Article I, Section 1:
All legislative Powers herein granted shall be vested in a Congress of the United States, which shall consist of a Senate and House of Representatives.
By vesting Congress with “[a]ll legislative Powers,” the Supreme Court has viewed the Legislative Vesting Clause as limiting the authority Congress can delegate to other branches of government or private entities. In general, the Court has held that “the legislative power of Congress cannot be delegated.” 1 In 1935, Chief Justice Charles Evans Hughes, on behalf of the Court, declared that “Congress is not permitted to abdicate or to transfer to others the essential legislative functions with which it is thus vested.” 2 This principle is the basis of the nondelegation doctrine that serves as an important, though seldom used, limit on who may exercise legislative power and the extent to which legislative power may be delegated. In its 2022 decision in West Virginia v. Environmental Protection Agency, the Supreme Court provided further clarity on the nondelegation doctrine, emphasizing that a decision of “magnitude and consequence rests with Congress itself, or an agency acting pursuant to a clear delegation from that representative body.” 3
- United States v. Shreveport Grain & Elevator Co., 287 U.S. 77, 85 (1932). See also Gundy v. United States, No. 17-6086, slip op. at 1 (U.S. June 20, 2019) (plurality opinion) ( “The nondelegation doctrine bars Congress from transferring its legislative power to another branch of Government.” ); Whitman v. Am. Trucking Ass’ns, 531 U.S. 457, 472 (2001) ( “[The] text in [Article I, Section I of the Constitution] permits no delegation of those powers.” ); J.W. Hampton, Jr., & Co. v. United States, 276 U.S. 394, 406 (1928) ( “[I]n carrying out [the] constitutional division into three branches[,] it is a breach of the National fundamental law if Congress gives up its legislative power and transfers it to the President, or to the Judicial Branch, or if by law it attempts to invest itself or its members with either executive power or judicial power.” ); Marshall Field & Co. v. Clark, 143 U.S. 649, 692 (1892) ( “That Congress cannot delegate legislative power to the President is a principle universally recognized as vital to the integrity and maintenance of the system of government ordained by the Constitution.” ); Wayman v. Southard, 23 U.S. (10 Wheat.) 1, 42–43 (1825) ( “It will not be contended that Congress can delegate to the Courts, or to any other tribunals, powers which are strictly and exclusively legislative.” ).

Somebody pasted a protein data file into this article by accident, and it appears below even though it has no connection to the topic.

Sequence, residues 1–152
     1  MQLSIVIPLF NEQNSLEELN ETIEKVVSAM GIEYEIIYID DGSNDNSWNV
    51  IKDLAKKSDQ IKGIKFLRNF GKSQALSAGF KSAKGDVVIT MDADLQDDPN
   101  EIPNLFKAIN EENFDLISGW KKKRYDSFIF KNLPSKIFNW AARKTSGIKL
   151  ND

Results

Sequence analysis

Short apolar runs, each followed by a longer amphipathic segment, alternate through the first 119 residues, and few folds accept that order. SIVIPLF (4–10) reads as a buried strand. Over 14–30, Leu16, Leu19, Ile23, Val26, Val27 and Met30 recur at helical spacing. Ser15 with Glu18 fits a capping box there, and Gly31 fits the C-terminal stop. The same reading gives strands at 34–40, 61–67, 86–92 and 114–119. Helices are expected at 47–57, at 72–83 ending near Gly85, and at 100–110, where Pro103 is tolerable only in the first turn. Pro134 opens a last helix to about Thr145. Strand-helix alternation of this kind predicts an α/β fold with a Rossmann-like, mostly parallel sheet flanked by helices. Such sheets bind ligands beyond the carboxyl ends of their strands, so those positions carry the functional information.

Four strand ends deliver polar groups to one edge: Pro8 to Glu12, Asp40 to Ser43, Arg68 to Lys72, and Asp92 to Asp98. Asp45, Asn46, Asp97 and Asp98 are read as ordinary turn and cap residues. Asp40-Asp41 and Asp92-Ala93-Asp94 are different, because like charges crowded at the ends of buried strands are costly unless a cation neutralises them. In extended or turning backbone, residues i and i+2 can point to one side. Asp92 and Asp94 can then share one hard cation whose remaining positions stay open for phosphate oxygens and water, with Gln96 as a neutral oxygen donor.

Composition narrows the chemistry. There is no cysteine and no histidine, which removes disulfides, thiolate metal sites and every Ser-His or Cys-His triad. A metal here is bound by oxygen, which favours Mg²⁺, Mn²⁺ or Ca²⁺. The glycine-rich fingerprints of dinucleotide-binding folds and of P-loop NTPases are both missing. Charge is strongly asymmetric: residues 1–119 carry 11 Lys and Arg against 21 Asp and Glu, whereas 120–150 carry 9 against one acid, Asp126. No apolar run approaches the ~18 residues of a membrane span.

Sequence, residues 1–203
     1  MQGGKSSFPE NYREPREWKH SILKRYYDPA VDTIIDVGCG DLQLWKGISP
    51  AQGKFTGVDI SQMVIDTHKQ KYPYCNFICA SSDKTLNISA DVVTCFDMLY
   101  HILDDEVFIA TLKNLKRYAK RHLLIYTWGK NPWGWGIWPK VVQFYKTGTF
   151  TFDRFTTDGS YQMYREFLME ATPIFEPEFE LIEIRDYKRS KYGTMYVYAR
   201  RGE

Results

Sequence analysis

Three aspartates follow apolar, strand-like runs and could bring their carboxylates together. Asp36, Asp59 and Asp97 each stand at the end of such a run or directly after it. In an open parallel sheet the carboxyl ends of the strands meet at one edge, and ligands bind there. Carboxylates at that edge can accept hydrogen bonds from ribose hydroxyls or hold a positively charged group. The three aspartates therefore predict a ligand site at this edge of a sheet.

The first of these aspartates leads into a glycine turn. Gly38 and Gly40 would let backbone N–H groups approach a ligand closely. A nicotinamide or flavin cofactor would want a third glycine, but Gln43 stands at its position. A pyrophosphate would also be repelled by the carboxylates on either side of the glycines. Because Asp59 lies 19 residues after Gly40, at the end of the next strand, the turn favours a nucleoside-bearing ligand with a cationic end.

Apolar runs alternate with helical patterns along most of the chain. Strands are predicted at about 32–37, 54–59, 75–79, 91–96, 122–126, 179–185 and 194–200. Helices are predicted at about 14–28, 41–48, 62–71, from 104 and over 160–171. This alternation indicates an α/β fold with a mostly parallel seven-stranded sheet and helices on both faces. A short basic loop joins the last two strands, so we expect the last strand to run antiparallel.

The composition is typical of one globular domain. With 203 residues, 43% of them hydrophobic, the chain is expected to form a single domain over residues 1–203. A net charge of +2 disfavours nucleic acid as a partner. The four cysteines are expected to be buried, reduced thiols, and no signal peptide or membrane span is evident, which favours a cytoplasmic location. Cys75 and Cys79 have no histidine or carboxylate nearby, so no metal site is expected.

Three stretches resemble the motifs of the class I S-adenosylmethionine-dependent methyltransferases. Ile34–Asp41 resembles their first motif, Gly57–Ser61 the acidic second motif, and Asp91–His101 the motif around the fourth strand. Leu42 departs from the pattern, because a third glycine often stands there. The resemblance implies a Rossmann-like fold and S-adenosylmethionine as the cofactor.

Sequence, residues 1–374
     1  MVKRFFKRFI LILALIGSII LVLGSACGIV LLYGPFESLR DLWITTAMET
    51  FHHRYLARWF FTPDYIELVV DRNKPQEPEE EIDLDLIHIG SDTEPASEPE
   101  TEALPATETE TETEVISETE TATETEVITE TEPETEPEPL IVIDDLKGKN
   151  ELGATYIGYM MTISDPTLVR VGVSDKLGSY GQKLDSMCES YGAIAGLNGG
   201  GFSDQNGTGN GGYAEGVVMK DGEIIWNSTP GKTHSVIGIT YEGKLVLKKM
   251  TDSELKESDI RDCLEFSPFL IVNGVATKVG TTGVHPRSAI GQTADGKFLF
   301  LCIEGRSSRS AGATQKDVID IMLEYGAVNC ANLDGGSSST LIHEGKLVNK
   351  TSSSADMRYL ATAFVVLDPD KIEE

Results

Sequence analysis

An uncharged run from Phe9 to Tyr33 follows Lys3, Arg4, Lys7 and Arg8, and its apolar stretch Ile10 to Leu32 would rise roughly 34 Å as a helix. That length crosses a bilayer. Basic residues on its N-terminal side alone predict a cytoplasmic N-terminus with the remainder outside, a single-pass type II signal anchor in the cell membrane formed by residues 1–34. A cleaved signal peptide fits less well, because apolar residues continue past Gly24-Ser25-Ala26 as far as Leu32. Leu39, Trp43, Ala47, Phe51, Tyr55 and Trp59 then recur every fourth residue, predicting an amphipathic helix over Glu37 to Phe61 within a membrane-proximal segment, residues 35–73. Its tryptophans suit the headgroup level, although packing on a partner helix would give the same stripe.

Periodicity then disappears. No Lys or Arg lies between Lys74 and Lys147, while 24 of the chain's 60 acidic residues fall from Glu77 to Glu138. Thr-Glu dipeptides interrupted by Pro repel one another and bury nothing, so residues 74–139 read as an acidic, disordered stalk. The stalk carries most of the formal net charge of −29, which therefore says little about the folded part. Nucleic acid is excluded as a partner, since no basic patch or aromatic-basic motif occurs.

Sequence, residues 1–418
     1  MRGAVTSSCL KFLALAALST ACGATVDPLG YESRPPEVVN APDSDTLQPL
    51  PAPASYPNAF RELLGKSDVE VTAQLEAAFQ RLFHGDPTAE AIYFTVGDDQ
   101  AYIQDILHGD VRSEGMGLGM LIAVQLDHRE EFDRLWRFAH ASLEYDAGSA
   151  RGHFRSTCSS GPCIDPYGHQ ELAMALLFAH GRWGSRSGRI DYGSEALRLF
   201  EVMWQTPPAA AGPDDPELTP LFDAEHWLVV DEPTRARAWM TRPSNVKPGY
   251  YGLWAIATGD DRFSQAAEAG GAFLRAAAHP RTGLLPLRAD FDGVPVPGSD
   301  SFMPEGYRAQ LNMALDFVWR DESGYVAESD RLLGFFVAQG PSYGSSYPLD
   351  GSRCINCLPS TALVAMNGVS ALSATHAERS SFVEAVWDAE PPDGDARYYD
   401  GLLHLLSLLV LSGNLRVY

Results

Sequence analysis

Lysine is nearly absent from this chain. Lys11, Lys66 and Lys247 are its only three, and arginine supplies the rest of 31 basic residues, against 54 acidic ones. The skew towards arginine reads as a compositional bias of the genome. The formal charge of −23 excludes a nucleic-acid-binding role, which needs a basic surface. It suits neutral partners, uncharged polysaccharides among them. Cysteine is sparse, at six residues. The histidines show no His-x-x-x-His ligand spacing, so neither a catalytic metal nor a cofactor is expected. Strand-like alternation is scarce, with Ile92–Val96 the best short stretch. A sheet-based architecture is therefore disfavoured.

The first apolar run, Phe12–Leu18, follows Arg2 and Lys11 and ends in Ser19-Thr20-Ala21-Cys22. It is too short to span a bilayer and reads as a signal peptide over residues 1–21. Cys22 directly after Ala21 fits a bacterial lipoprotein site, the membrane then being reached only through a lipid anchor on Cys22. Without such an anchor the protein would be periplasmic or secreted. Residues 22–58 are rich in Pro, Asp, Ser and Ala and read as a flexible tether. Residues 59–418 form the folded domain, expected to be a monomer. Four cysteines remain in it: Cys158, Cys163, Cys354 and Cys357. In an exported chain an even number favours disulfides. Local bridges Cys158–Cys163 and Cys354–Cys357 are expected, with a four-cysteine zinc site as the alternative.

- A.L.A. Schechter Poultry Corp. v. United States, 295 U.S. 495, 529 (1935).
- No. 20-1530, slip op. at 31 (U.S. June 30, 2022).